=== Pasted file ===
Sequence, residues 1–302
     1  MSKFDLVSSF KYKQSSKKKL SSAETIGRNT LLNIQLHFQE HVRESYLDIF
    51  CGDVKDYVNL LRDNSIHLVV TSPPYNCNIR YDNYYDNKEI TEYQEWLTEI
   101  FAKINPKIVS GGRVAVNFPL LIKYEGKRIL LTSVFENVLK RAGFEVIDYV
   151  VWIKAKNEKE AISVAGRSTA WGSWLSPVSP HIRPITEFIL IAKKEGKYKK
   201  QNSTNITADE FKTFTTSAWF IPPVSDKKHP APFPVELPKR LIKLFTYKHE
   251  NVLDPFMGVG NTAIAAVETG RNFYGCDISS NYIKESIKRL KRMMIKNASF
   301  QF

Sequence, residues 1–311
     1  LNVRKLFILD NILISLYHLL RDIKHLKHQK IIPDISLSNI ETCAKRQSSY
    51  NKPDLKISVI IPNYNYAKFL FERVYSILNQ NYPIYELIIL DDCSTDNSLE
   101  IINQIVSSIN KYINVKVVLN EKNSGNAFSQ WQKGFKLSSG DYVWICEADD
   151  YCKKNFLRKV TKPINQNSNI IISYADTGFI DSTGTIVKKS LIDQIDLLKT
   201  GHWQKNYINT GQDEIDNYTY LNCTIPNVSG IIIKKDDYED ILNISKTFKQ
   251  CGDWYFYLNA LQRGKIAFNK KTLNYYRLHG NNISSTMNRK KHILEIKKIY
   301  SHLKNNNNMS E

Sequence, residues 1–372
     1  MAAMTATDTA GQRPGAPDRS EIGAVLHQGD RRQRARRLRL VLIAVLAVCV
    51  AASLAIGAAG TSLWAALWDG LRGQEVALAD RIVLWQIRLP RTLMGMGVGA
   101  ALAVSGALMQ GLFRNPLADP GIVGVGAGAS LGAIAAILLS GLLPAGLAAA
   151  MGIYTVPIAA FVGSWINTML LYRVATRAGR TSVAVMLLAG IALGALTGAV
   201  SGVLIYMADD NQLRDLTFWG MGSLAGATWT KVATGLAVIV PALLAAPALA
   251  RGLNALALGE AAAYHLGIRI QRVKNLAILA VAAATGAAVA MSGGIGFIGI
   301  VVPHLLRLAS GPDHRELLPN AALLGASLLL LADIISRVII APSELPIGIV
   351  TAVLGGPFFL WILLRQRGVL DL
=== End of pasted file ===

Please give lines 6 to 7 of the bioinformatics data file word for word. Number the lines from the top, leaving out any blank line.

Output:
   201  QNSTNITADE FKTFTTSAWF IPPVSDKKHP APFPVELPKR LIKLFTYKHE
   251  NVLDPFMGVG NTAIAAVETG RNFYGCDISS NYIKESIKRL KRMMIKNASF